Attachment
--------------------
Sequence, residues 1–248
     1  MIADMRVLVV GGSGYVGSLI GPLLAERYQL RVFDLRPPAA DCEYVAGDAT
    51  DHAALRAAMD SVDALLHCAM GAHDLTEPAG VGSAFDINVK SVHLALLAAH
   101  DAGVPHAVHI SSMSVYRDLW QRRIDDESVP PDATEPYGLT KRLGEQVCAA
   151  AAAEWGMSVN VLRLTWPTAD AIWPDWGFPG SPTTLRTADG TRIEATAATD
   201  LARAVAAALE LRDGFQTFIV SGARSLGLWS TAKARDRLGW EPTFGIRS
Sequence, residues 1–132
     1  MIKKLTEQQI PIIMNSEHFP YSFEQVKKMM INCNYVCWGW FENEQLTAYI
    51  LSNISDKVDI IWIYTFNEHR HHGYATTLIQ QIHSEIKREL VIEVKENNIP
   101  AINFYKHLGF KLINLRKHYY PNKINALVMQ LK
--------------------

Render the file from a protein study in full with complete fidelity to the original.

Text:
Sequence, residues 1–248
     1  MIADMRVLVV GGSGYVGSLI GPLLAERYQL RVFDLRPPAA DCEYVAGDAT
    51  DHAALRAAMD SVDALLHCAM GAHDLTEPAG VGSAFDINVK SVHLALLAAH
   101  DAGVPHAVHI SSMSVYRDLW QRRIDDESVP PDATEPYGLT KRLGEQVCAA
   151  AAAEWGMSVN VLRLTWPTAD AIWPDWGFPG SPTTLRTADG TRIEATAATD
   201  LARAVAAALE LRDGFQTFIV SGARSLGLWS TAKARDRLGW EPTFGIRS
Sequence, residues 1–132
     1  MIKKLTEQQI PIIMNSEHFP YSFEQVKKMM INCNYVCWGW FENEQLTAYI
    51  LSNISDKVDI IWIYTFNEHR HHGYATTLIQ QIHSEIKREL VIEVKENNIP
   101  AINFYKHLGF KLINLRKHYY PNKINALVMQ LK